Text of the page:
Smart Home Gifts and Gadgets
Just what you need: A floor-mopping robot, wireless music networks, cell-phone/home-phone convergence, and a microwave that can read
RCA Cell Docking System, $150,
Uniden Bluetooth Cordless Phone System, $250,
Some people say a "smart home" is one that will draw the shades at the sound of your voice or light your garden path as you stroll along. But the truth is, great technology is the stuff that solves problems you already have, like keeping the floors clean, getting decent cell-phone reception inside the house, installing whole-house audio without tearing up walls, giving kids a safe and easy way to cook their own snacks. Here are a few innovative products we've found that will really make your home a smarter place.
Cell phone that acts like a home phone
Cell phones don't always work inside the house, and it's especially easy to lose calls if you're talking while walking from room to room. All sorts of obstacles can block reception, from the building materials and decor inside your home to the landscaping around it. Rather than stand rooted in the one spot where the phone works, take advantage of an area of good reception by setting up a cordless phone with a cell-phone connection.
RCA's Cell Docking System includes a docking base for your cell phone, plus a cordless 2.4 GHz handset. Currently they system works with selected Motorola, Nokia, and Sony Ericsson phones. If you have a cell phones equipped with Bluetooth capability, you can connect wirelessly to Uniden's 5.8 GHz base station and cordless phone. With any of these devices, your cell phone becomes, in essence, a second land line—but with a lot more free long-distance minutes.
Digital music in every room
Whole-house audio is a perennial promise from the electronics industry, but typically you need a pro to run wires to every room, which means tearing through drywall. Now there's an easier way to get music throughout the house. The Sonos Digital Music System does it wirelessly, letting you play different songs—or the same song—in as many rooms as you want, at the same time.
Sonos is surprisingly easy for a homeowner to set up and to use. The heart of the system is a component called a ZonePlayer. Hook it up to a computer anywhere in the house, and it streams digital music files (MP3s, Internet radio, and the like) to any space equipped with another ZonePlayer and speakers—upstairs, downstairs, even outside. The whole system is controlled via an LCD-screen wireless remote that lets you scroll through your whole music catalog and choose what songs you want to hear where.
If all you want to do is occasionally beam tunes from your stereo to speakers in the dining room or sunporch, an even easier (and cheaper) way is with RadioShack's Accurian HomePlug digital audio system. Plug in the audio transmitter ($15), and you can send sound from your CD or DVD player straight through the power lines in your walls to a pair of receiver/speakers ($20) plugged in across the room or across the house, no wires necessary. Since the signal travels over actual lines, the reliability can't be beat, but certain conditions, like old noncopper wiring or an abundance of fluorescent lights, might interfere with the signal.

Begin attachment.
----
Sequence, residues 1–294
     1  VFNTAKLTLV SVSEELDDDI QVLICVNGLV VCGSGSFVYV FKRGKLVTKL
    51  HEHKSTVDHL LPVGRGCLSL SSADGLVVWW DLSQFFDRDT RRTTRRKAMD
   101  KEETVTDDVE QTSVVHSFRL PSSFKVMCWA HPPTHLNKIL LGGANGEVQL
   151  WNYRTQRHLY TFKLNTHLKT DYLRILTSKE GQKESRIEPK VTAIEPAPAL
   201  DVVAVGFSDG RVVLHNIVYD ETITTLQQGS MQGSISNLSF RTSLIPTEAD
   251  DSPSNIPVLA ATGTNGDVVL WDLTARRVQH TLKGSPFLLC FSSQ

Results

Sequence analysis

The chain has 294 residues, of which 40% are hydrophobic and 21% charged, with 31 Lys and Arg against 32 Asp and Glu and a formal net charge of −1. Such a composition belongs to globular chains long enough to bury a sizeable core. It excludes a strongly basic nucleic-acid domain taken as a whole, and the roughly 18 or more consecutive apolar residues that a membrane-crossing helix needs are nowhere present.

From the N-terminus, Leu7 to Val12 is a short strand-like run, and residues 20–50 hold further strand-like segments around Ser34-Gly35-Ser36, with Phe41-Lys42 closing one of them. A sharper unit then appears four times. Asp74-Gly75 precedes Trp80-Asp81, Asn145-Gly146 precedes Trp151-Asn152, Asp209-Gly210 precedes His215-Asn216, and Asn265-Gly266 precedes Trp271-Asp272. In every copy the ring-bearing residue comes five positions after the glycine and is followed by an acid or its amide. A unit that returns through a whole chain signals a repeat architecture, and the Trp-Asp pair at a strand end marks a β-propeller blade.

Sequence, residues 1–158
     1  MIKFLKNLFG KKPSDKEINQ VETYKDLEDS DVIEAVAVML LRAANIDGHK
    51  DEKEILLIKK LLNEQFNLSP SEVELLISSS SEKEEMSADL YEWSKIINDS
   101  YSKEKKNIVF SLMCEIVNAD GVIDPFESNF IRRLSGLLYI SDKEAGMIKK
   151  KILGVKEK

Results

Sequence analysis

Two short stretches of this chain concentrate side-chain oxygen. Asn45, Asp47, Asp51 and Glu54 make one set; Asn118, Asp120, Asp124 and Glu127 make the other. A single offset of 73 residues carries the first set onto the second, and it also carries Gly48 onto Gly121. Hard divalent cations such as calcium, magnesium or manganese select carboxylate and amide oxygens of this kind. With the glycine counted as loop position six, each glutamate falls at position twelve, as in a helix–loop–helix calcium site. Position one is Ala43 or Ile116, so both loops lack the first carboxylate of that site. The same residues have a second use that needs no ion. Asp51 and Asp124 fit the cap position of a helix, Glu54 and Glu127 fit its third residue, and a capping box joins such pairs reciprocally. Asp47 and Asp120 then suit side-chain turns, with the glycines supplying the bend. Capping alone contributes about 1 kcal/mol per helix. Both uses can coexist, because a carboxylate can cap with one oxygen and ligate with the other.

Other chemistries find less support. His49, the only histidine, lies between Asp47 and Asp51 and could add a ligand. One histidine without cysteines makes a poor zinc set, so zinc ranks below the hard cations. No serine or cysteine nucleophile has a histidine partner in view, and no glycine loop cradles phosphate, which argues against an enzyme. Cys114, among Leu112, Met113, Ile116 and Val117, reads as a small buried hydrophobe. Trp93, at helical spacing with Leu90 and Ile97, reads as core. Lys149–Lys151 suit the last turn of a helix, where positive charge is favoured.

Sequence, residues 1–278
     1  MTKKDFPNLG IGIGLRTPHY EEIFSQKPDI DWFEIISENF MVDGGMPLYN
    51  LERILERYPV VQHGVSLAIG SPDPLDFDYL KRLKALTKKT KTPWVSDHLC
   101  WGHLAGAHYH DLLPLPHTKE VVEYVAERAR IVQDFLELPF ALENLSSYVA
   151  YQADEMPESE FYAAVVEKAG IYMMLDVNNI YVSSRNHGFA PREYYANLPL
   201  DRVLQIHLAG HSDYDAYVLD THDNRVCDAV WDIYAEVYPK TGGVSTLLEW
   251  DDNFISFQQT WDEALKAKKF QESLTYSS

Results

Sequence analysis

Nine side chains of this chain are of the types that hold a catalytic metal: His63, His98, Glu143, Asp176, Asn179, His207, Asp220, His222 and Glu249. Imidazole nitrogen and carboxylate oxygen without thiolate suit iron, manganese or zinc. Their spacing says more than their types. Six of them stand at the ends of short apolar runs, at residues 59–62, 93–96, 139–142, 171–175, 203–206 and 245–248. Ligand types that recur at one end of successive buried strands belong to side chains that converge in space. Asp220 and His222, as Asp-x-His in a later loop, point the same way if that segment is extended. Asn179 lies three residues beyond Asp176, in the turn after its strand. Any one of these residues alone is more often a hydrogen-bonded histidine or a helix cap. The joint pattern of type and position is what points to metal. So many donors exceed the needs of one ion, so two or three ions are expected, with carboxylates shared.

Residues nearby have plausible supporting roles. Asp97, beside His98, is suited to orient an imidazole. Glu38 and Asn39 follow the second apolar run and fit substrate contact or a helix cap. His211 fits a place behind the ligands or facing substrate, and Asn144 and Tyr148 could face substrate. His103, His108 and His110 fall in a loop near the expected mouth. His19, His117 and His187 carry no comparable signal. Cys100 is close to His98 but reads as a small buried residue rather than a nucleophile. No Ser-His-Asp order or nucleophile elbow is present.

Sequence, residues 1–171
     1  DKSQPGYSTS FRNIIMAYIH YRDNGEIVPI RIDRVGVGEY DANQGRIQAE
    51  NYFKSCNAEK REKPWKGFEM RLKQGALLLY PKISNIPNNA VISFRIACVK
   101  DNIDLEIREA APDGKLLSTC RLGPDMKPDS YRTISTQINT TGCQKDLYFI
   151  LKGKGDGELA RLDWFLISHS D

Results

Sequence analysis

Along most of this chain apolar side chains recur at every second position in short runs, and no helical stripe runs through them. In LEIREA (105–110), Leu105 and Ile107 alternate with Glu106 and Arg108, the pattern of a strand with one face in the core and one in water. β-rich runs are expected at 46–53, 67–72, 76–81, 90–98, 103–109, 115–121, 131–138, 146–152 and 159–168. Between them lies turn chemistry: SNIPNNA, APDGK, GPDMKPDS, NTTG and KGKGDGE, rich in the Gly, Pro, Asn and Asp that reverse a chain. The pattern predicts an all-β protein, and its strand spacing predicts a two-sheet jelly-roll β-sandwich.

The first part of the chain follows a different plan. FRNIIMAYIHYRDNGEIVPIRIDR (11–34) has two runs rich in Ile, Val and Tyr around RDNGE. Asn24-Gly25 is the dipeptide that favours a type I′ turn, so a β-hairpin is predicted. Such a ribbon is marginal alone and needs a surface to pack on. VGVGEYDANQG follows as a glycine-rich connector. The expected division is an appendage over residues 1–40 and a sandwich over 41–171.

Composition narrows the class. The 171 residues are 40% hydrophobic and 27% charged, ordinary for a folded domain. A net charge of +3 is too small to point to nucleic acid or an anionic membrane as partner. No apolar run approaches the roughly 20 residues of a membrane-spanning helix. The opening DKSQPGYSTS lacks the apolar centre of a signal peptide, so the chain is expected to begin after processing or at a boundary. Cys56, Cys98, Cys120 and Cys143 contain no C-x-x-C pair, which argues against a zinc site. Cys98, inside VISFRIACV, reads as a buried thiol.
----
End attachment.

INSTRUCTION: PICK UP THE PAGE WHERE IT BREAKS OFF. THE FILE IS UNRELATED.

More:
Sonos Digital Music System
starting at $350
Mop with a mind of its own
A couple of years ago, gadget freaks everywhere fell in love with iRobot's Roomba "artificially intelligent" vacuum cleaner. As cute as the little sucker was, however, it wasn't a whole lot more effective than a toddler with a DustBuster. It would roll around haphazardly inhaling grit, occasionally changing course when it bumped into a wall. Plus, it had a tendency to hang up on errant speaker wires and rugs with fringe.
The latest janitorial offering from iRobot, the Scooba Floor Washing Robot, stands a better chance of becoming a useful member of the family. Rather than going toe to toe with state-of-the-art vacuum cleaners like Dyson, the Scooba takes aim at lower-tech remedies, like a mop and elbow grease. It sprays a cleaning solution, scrubs the floor, then vacuums the dirt into a tank for disposal. The liquid cleaner, devised by Clorox, is said to be safe on most floor surfaces, including tile, vinyl, and sealed wood.
Microwave settings made simple
At a time when most microwaves are getting more and more confusing to operate, Salton uses technology to keep it simple. The Beyond microwave already knows how to cook 4,000 products sold at most supermarkets. Just wave the scanning wand over the bar code of your favorite frozen chicken dinner, and the correct cooking times and power levels pop up. Not just convenient for grown-ups who want to get their meal on, it also might prevent you from having to play "Is something burning?" when the kids fix themselves popcorn.
Of course, there's a chance that your favorite microwavable treat is not in the Beyond's database. That's why you can teach it new tricks. Just press the "Learn" button, scan the bar code, then enter the appropriate cooking settings. From then on, every time you scan that bar code, the microwave will automatically plug in the settings.